Saudi Arabia pledges international market integration amid Aramco mania


Saudi Arabia is committed to integrating its financial markets with the rest of the world, the country's market regulator told CNBC, as massive hype builds for the debut listing of state-owned oil and gas company Saudi Aramco.

The Kingdom aspires to become the Middle East's de-facto capital market and one of the world's largest, Mohammed El-Kuwaiz, vice chairman of Saudi Arabia's Capital Markets Authority (CMA), told CNBC's "Capital Connection" on Thursday. "That can be a big driver of economic growth in the country."

Saudi Arabia is the world's top oil exporter and the flow of petrodollars through its economy and around the world is a potent source of investment capital.

In order to achieve the aim of capital market hub, Saudi Arabia is changing regulatory requirements to gain more foreign players, reflected by recent changes to qualified foreign investor (QFI) rules. As of June 2015, certain QFIs could directly trade on the local stock exchange, known as the Tadawul. Last year, QFIs also became eligible to subscribe to initial public offerings (IPOs).

The Kingdom is also changing its market settlement policies, moving to the international 'T+2' settlement cycle from its previous 'T+0' cycle to better satisfy foreign investors.

The Saudi Stock Exchange, also known as the Tadawul All Share Index, in Riyadh, Saudi Arabia
Simon Dawson/Bloomberg/Getty Images
The Saudi Stock Exchange, also known as the Tadawul All Share Index, in Riyadh, Saudi Arabia

"We think of it as someone who has a beta max video in a VHS world. It doesn't matter who's technically superior if you can't play with the rest of the world," said El-Kuwaiz, who is travelling in Asia to attract the region's investors via the QFI framework.

Because the QFI framework is geared more towards asset managers, the CMA is also developing a parallel program for strategic investors that will enable direct investment into publicly-traded firms.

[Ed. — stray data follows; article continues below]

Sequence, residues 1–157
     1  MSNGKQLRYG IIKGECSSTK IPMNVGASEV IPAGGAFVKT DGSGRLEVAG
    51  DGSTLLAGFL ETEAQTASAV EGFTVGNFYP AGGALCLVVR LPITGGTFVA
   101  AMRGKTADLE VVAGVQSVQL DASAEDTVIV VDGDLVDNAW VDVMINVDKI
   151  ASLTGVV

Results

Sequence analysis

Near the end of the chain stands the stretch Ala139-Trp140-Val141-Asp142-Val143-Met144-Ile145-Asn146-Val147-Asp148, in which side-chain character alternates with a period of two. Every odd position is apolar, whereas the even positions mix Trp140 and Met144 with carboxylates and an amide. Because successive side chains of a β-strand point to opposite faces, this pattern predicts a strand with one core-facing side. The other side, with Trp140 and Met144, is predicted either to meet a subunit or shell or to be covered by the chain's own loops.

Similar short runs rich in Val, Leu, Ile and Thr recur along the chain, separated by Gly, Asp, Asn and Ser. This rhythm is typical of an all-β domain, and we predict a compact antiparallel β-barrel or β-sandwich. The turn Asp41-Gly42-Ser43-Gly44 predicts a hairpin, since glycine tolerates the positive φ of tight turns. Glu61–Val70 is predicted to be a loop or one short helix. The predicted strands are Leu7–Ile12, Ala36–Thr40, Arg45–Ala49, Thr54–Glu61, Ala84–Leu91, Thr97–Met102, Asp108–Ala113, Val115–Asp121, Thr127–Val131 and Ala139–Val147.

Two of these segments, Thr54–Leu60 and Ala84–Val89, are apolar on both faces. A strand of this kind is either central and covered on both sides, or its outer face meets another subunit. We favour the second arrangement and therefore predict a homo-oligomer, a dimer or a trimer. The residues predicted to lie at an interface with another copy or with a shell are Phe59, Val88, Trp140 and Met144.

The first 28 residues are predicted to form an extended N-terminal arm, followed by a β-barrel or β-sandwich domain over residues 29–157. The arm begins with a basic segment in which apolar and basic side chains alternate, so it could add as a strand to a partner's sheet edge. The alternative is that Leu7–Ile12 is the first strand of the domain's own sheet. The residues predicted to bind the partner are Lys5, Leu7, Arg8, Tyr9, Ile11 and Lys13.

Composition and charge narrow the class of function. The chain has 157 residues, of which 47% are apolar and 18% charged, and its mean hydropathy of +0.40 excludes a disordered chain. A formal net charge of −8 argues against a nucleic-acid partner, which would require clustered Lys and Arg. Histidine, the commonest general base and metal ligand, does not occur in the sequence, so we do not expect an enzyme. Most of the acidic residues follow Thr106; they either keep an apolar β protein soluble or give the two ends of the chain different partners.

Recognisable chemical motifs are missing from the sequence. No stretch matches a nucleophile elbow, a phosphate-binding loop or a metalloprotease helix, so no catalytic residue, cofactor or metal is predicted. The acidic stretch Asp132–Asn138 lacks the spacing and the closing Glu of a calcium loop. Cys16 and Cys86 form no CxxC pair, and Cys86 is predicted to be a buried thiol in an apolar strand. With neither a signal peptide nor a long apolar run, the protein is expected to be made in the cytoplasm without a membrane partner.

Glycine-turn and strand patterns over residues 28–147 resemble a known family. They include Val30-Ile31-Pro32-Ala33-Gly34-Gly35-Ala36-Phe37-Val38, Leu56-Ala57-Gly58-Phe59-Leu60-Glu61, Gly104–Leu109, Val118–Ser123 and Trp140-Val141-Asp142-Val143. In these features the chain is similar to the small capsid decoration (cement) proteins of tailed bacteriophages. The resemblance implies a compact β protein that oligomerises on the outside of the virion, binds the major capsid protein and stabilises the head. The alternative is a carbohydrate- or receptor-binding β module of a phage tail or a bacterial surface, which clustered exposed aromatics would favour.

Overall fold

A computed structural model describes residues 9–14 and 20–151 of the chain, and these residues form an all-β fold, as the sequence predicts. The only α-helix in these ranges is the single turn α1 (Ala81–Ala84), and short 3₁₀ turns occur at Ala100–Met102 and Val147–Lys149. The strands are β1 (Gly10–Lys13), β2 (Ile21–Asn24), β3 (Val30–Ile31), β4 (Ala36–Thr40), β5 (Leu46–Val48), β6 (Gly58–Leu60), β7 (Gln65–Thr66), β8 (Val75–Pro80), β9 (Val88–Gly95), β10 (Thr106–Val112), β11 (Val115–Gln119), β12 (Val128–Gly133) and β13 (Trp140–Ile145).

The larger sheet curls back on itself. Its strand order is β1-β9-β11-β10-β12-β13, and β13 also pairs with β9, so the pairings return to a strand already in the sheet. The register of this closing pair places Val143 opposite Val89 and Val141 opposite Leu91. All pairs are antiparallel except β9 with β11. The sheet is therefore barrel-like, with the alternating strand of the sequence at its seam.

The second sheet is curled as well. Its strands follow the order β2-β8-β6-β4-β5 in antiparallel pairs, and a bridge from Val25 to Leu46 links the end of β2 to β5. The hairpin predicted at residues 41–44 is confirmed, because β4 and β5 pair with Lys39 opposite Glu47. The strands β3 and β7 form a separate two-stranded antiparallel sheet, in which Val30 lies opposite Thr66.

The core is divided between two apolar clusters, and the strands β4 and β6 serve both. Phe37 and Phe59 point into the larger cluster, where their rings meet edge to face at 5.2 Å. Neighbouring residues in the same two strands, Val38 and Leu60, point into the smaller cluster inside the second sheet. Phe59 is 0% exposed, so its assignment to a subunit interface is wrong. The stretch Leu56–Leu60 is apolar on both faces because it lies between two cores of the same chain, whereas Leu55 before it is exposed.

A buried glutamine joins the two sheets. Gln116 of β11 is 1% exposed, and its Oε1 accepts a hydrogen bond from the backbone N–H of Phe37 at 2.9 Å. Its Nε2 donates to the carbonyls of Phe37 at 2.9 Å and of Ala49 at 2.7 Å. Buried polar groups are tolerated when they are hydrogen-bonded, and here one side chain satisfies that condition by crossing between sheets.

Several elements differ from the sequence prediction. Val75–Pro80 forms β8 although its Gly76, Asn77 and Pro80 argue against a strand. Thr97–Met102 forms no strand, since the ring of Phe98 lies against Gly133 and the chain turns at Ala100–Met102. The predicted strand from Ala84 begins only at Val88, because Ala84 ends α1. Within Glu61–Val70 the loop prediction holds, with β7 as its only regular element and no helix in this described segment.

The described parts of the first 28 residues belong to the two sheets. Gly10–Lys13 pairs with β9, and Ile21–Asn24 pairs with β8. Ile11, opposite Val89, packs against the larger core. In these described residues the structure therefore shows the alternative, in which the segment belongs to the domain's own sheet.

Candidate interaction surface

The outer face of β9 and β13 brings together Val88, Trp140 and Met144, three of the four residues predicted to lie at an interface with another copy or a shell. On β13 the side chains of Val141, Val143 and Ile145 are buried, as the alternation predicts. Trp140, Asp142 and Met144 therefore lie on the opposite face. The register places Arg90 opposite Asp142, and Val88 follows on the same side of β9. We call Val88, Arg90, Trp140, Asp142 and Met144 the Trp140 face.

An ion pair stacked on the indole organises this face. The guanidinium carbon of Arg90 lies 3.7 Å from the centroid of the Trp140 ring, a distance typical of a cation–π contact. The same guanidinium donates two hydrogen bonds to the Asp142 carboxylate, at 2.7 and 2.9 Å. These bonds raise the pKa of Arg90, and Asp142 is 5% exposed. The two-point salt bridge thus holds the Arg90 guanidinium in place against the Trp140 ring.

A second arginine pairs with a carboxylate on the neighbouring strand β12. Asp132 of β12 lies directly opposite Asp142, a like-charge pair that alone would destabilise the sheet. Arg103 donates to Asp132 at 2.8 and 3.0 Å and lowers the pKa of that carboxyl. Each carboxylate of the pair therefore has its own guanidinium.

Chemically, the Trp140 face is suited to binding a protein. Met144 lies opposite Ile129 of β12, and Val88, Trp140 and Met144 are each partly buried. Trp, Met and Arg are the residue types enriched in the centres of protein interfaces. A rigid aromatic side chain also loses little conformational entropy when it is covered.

"When Saudi Arabia opened up, we started to see demand not just from financial investors but also from strategic investors looking to take stakes in the country," he explained.

International firms looking to take a stake in a publicly traded firm in the form of M&A transactions or strategic investments will now be allowed to do so thanks to this new program, he said.

El-Kuwaiz was unable to offer any insights on Aramco's international listing, noting that the decision laid in the hands of advisers and underwriters. Speculation is that the IPO, slated for next year, would offer 5 percent of the firm and raise as much as $100 billion, valuing Aramco at around $2 trillion.

"The Saudi market regulator is a disclosure-based regulator so our main point of concern is to make sure that any IPO, whether its Aramco or any other, discloses all the required information for investors to make the right call."

When asked whether Aramco was leaning towards New York as a potential destination given the Kingdom's friendly ties with President Donald Trump, El-Kuwaiz said the U.S. presidential election had not impacted CMA's strategies.

He was also unable to comment on Aramco's valuation point, noting that it was not under the jurisdiction of regulators.

However, he did note that the Kindgom's 2016 sovereign bond sale suggested strong interest for the country debt and equity markets. The country raised $17.5 billion for its debut issue in October, hitting a record for emerging markets.

"We were quite encouraged by the size of the issue as well as the degree of over-subscription ...we viewed that as a vote of confidence in 'Vision 2030' and the direction of the country going forward."

Released last year, 'Vision 2030' is a blueprint to reduce Saudi Arabia's dependence on oil and make its economy more private-sector oriented over the next thirteen years—a plan that is "independent of geopolitics in other countries," and has "staying power irrespective of the oil
price," El-Kuwaiz said.

'Vision 2030' was built on the country's areas of competitive advantage, which includes religious tourism as well as capital markets, he continued.

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